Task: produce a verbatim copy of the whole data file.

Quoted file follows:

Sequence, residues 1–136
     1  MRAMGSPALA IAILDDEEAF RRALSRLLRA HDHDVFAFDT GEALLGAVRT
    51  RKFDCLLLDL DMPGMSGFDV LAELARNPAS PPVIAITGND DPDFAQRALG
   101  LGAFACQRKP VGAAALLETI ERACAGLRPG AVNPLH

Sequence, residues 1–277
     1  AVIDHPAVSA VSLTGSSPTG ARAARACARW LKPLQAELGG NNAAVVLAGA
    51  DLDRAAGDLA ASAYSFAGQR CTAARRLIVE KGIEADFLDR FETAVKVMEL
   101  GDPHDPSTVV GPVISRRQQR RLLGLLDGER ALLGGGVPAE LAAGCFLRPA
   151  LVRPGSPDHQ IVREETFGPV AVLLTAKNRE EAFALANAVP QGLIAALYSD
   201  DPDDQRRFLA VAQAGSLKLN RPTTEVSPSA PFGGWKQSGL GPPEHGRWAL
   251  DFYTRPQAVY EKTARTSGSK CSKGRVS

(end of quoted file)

Sequence, residues 1–136
     1  MRAMGSPALA IAILDDEEAF RRALSRLLRA HDHDVFAFDT GEALLGAVRT
    51  RKFDCLLLDL DMPGMSGFDV LAELARNPAS PPVIAITGND DPDFAQRALG
   101  LGAFACQRKP VGAAALLETI ERACAGLRPG AVNPLH

Sequence, residues 1–277
     1  AVIDHPAVSA VSLTGSSPTG ARAARACARW LKPLQAELGG NNAAVVLAGA
    51  DLDRAAGDLA ASAYSFAGQR CTAARRLIVE KGIEADFLDR FETAVKVMEL
   101  GDPHDPSTVV GPVISRRQQR RLLGLLDGER ALLGGGVPAE LAAGCFLRPA
   151  LVRPGSPDHQ IVREETFGPV AVLLTAKNRE EAFALANAVP QGLIAALYSD
   201  DPDDQRRFLA VAQAGSLKLN RPTTEVSPSA PFGGWKQSGL GPPEHGRWAL
   251  DFYTRPQAVY EKTARTSGSK CSKGRVS